The emergence of PoE (Power over Ethernet) technology allowed the use of structured cabling to provide both data and power to network devices, thus significantly increasing the number of remotely powered devices.
With the constant flux in office buildings, network managers and installers require flexible and efficient in-building connectivity provided by a cabling design structure called Universal Connectivity Grid (UCG), a solution developed by CommScope.
What is PoE?
PoE describes a technology that transmits electric power and data over network cables. For example, a digital security camera requires an electrical power connection to operate and a network connection to communicate display and recording. However, a PoE enabled camera only needs a network connection, thereby receiving its electrical power from the same cable.
PoE enables simultaneous transmission of power signals and ethernet data without signal disruption and interference. The PoE system converts the main power supply to low voltage supply and transmits the power to PoE enabled devices over structured cabling.
What are the benefits of PoE?
The installation of PoE provides many benefits including greater flexibility, reliability, cost reduction, scalability and safety:
- The location and repositioning of devices becomes easier without tethering to the electrical outlet.
- PoE provides power from a central power sourcing equipment that is universally compatible, thereby enabling easier control to disable or reset devices, or backup by an uninterruptible power supply.
- It reduces the costs and time required for the installation of electrical power cabling.
- The distribution and installation of network devices and connections becomes easy and effective with power available on the network.
- It provides safety by protecting the network equipment from underpower, overload, or incorrect installation.
What is the Universal Connectivity Grid (UCG)?
The Universal Connectivity Grid is a cabling infrastructure that provides a common connectivity platform. It optimizes, supports and manages from the design to the operations of the various disparate communications infrastructures of a building. It divides the space into evenly sized cells and deploys consolidation points in each cell to provide connections to the core network.
The modification of wired LAN, audio/visual service, occupancy sensors, wireless technologies, building automation, intelligent lighting, and access control has become simple by running a Category 6A cable. Thus, enabling the IoT to create improved inbuilding connectivity and efficiency.
Is UCG a solution to the problem?
UCG simplifies the workstation changes and prepares your building for the current as well as future connectivity demands. It can identify the installation efficiency and product cost at the design phase. Space reconfigurations become easier with reduction in costs of labor, material and operational expenses. It deploys a grid-based layout improving the administration and maximizing the operational efficiency. Category 6A cable supports emerging intelligent building applications by providing remote power and high bandwidth.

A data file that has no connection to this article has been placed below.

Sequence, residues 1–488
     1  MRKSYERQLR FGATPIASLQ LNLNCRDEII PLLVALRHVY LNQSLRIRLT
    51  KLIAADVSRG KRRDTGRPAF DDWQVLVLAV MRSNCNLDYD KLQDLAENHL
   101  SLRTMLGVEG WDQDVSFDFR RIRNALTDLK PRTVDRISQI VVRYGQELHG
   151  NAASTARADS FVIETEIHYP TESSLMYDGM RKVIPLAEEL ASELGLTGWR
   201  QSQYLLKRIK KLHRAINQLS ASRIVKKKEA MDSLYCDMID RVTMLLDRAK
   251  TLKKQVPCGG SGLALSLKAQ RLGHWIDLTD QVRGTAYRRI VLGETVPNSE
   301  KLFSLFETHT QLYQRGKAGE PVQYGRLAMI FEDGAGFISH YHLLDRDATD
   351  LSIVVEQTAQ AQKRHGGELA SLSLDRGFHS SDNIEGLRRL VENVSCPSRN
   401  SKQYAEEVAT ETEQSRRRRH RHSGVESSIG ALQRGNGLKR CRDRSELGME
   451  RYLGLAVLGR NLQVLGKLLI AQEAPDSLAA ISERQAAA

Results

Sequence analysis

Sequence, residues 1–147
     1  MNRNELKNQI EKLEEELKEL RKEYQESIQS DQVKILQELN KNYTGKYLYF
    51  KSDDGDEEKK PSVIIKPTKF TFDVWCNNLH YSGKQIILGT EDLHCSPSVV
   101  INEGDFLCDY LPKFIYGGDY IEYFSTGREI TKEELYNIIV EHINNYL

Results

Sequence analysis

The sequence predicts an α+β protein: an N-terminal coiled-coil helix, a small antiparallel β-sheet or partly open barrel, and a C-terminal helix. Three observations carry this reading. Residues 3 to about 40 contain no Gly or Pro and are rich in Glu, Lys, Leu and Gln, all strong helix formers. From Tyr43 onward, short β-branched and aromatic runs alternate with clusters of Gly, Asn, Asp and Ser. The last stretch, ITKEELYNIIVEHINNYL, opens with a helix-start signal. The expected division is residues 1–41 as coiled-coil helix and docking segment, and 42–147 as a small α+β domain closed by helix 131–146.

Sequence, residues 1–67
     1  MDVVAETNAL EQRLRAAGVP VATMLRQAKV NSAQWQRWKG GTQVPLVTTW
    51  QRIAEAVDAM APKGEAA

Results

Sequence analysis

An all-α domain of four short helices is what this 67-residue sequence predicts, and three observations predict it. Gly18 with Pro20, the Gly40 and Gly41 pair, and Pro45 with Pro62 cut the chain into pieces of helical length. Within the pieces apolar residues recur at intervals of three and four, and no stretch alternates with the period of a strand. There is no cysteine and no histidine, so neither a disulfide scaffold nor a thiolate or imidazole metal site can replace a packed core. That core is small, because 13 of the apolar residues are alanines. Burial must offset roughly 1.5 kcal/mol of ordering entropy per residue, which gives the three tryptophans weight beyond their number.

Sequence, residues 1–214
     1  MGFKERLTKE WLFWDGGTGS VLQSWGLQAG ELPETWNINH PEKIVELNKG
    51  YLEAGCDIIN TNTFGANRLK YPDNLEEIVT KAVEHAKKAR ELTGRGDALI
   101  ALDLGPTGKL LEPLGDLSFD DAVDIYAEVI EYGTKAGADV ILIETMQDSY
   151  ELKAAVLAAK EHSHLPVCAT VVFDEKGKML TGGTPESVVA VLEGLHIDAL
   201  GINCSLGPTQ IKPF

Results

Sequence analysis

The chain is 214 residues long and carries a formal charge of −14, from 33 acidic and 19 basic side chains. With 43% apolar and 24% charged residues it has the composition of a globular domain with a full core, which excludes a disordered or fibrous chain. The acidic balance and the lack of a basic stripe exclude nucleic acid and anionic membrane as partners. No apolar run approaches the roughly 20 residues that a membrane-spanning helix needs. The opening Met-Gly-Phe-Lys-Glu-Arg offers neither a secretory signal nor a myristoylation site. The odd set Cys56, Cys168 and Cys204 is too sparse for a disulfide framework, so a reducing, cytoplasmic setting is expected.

UCG cabling can supercharge PoE
In the UCG structure, cable runs to specific building zones from the equipment room. Each zone has a consolidation point (CP) up to which the fixed cabling is installed, then drop cabling runs from the CP to the telecommunication outlet for each peripheral device. This allows cabling flexibility and provides capacity for additional needed telecommunication outlets. As this strategy is ideal for new installations, it is also helpful for retrofit installations.
The thermal load on the cabling is vital to maximize the lifespan and minimize the cooling costs of the cabling infrastructure. The cabling temperature rises due to heat generation when remote power is applied. The maximum temperature rise of a four-pair PoE standard is 10° Celsius. It’s important to use a higher category cable with improved heat dissipation and lower DC resistance to reduce the temperature rise. The increase in thermal loading can also increase insertion loss. Therefore, four-pair PoE applications should use Category 6A cabling recommended by CommScope.
The telecommunications outlet connector and connecting hardware should be capable of handling the maximum continuous current. The cabling solutions provided by CommScope meets this requirement. In addition, these cabling systems support the implementations of the existing and proposed IEEE PoE standards.
CommScope recommends the use of Category 6A cabling to improve energy efficiency and thermal performance with additional flexibility and margin. It’s suggested that each powered device should have at least two runs of Category 6A cabling to ensure diversity in power delivery and easier accommodation of future upgrades.
In industrial and commercial buildings, this improved technology of universal connectivity grid cabling is already supercharging next level PoE by facilitating and enabling more efficient high-power applications.
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